A direct consequence of the universality of gravitational action is the possibility to always and in any place introduce a locally inertial system - a frame of reference connected to a body free "falling" in a gravitational field (eg a cabin of a free-moving satellite) - in which there is a state of "weightlessness" for all physical processes. And in any strong gravitational field, even inside a black hole! The size of this local inertial system, however, depends on how homogenous is the given gravitational field, so that we can neglect with desired accuracy affect the inhomogeneity in the appropriate place. For a completely homogeneous field, this size is unlimited - the locally inertial system is also a global inertial system. A homogenous gravitational field, giving all bodies everywhere the same acceleration, is therefore not physically distinguishable from the apparent field arising without the presence of gravity in a uniformly accelerated frame of reference, so it is not observable at all *). Conversely, in a strongly inhomogeneous gravitational field (eg, deep inside a black hole near a singularity), the locally inertial system may already be so small that it does not even contain the dimensions of the elementary particle. Finally, in the singularity of spacetime itself (see 3.7) it is no longer possible to introduce a locally inertial system, because there are no regular reference systems, no physical measurements can be performed here, there is no regular spacetime. This is also the only case limiting the applicability of the equivalence principle.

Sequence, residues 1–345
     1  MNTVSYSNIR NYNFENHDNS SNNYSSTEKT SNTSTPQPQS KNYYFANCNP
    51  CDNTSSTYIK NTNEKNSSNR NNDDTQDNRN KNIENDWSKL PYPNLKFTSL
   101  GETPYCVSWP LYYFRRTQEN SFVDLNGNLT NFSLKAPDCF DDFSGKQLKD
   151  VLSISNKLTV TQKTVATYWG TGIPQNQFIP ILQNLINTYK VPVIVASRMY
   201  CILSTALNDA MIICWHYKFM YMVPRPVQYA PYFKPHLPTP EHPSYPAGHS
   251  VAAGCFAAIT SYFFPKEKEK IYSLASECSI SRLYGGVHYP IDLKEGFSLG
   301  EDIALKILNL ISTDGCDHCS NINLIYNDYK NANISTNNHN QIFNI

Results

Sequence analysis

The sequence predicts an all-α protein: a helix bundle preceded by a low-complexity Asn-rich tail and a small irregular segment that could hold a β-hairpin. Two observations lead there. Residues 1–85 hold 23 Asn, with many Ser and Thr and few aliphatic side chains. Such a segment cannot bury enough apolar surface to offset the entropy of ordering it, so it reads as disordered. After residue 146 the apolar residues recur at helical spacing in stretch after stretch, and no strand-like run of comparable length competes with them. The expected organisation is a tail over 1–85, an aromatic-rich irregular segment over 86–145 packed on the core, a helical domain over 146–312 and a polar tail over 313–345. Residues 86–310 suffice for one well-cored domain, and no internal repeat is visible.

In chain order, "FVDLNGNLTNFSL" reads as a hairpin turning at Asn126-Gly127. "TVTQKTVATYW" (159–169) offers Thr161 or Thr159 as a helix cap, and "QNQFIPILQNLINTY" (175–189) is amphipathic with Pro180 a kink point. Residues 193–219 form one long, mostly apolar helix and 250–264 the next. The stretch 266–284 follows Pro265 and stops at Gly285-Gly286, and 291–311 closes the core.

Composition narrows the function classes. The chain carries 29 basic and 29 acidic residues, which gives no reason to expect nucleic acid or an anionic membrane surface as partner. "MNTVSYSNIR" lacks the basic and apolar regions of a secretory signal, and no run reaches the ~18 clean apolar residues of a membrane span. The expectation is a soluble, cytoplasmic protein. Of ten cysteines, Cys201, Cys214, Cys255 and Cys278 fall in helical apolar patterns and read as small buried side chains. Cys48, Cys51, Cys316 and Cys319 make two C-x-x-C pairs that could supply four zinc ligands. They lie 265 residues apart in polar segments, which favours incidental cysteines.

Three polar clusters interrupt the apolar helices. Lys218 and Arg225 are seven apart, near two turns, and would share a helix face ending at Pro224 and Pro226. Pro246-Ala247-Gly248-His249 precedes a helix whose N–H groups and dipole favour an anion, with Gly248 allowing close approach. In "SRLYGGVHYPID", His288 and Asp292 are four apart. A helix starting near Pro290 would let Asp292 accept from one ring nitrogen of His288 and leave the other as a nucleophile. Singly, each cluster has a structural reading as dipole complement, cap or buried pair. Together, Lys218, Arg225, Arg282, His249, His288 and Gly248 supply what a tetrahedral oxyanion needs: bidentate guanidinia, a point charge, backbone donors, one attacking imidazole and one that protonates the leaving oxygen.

*) It is similar to the potential in electrostatics, where an electric field having the same non-zero potential everywhere is zero, and changing the potential at all places by the same value does not change the existing electric field in any way; the actual field strength is given by the potential gradient. Similarly, the actual gravitational field differs from the purely kinematic field of "apparent forces" in its inhomogeneity.

Thus, we may make a seemingly somewhat paradoxical sounding statement: "The existence of a state of weightlessness is a fundamental characteristic properties of gravity - of weight." However, this is indeed the case, because we do not encounter anything similar in any other physical field. Since in the local inertial system there is a perfect state of weightlessness in the infinitesimal surroundings of its origin and gravitational forces do not exist for any physical process, all physical phenomena will occur locally according to the laws of nongravity physics, ie according to the laws of special theory of relativity without gravitational field. This is actually the principle of equivalence expressed in other words.